• As you’re lowering down your arms, be gentle with the motion and prevent the elbow from slamming on the ground. We don’t need injuries while you’re at home. 
  • Try to bring your hands and the dumbbells together when you are in that lockout position which gives you much more control.
  • Activate your chest by trying to squeeze your pectorals together as hard as you possibly can this will maximize the benefit of the exercise and get those pecs to work a little bit harder.

#9 DB Floor Fly

A classic that we can do will be the floor flies. This one is no exception to the others as the execution is very important. 

  •  As you’re coming down ease the motion with elongated elbows to prevent those from slamming on the ground.
  • When you bring those dumbbells up towards each other, focus on squeezing and contracting your chest on every repetition so you can get maximum benefit. 

#10 DB Squeeze Press

This is also another essential dumbbell exercise you definitely need to consider. As a side note, this is the last ‘on the floor’ exercise we will talking about today. 

  • Focus on pressing the dumbbells together as you’re lowering it down. 
  • Keep some tension on the chest, but mainly focus on trying to crush those dumbbells together. This will get a good squeeze and activation out of the chest.
  •  I do recommend doing this exercise before the other ones just simply because it’s so good at isolating the chest.

#11 DB Fly by Standing

So with those hands in a supinated position (simply means Palms facing up), you’re going to be bringing those dumbbells up and towards each other.

  • It’s important that you try and keep those dumbbells about an inch or two inches away from your torso.
  • So that when you’re bringing those dumbbells up, you’re actually activating the chest by shortening the muscle fibers thus maximizing the effect of the exercise.

#12 DB Inclined Bench Press

If you’re fortunate enough to not only have a pair of dumbbells, but also have a bench then you can always perform the dumbbell incline bench press. You can also always perform the traditional dumbbell bench press.

  • Be sure to control that form.
  • Squeeze your chest trying to shorten that Peck fiber muscle.

#13 DB Inclined Bench Flys

As I said before, if you have a bench you can also perform the dumbbell incline bench flies. But it’s definitely possible to perform this on a standard flat bench as well.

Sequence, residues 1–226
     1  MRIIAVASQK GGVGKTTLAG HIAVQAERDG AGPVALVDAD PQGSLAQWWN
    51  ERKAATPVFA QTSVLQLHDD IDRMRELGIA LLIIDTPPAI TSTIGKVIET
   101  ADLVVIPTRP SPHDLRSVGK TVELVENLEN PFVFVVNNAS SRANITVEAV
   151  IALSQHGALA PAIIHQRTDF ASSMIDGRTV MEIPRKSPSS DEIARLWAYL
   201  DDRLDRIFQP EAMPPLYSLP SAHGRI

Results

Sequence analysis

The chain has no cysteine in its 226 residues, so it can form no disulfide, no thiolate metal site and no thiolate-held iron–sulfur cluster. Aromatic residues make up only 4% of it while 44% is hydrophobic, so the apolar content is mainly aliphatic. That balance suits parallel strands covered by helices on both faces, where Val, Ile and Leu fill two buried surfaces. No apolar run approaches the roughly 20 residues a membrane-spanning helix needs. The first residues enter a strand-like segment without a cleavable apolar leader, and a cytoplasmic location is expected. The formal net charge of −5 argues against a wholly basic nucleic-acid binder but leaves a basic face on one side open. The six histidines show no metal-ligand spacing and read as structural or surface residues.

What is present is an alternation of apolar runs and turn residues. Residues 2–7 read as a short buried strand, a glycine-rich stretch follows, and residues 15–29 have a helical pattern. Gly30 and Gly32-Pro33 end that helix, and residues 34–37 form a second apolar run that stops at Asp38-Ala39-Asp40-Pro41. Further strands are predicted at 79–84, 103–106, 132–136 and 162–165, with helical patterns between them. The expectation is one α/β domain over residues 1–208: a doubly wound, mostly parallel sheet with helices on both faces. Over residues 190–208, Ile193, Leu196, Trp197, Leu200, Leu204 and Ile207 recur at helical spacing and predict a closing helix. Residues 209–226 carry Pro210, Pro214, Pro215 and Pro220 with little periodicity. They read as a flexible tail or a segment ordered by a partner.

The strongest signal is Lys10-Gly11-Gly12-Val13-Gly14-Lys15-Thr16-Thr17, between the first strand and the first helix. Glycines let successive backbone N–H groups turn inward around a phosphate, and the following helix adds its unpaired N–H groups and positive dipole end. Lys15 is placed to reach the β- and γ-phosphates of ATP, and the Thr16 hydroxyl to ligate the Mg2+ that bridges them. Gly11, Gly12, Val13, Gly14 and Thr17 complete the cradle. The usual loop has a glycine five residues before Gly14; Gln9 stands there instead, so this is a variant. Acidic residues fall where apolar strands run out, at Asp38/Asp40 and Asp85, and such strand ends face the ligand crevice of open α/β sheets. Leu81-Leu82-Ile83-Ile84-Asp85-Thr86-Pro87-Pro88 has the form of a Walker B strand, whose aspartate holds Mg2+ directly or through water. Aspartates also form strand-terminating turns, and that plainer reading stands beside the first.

• Be sure not to bring those arms or those elbows too far back as this will cause strain on the chest.
  • Be sure to come back nice and slow so you can take advantage of all those micro muscle tears by the eccentric contraction.

So that’s a wrap for the best exercises that can help you build really good chest muscles without leaving your home. If you are looking more of contents like these be sure to checkout the official Barbarian Body app (available in both Android and iOS).

They include Best workout programs all of my best exclusive videos all in one place that can actually can download the video. Here we have workout templates, printables, recipe books, diet plans and much more.

If you want to try it free for the next seven days, go ahead and do take advantage while you’re on quarantine. So, see your right there.

5 KILLER Chest Exercises With NO BENCH

Hey Everyone, welcome to another blog post! Today’s post is going to show you 5 chest exercises without a bench.

Chest Exercises Without A Bench #1: Zevaend Press

The what?! The Ze-va-end press, weird word, right? Well, this exercise is phenomenal for helping you to isolate the pecs. What you have to do for this exercise is: grab two plates and put them together, press away from your body, then bring the plates back in towards your torso and ensure that you’re keeping your arms parallel to the ground at the horizontal. While doing this exercise make sure you are squeezing the plates. See photos below for an example of what this exercise looks like.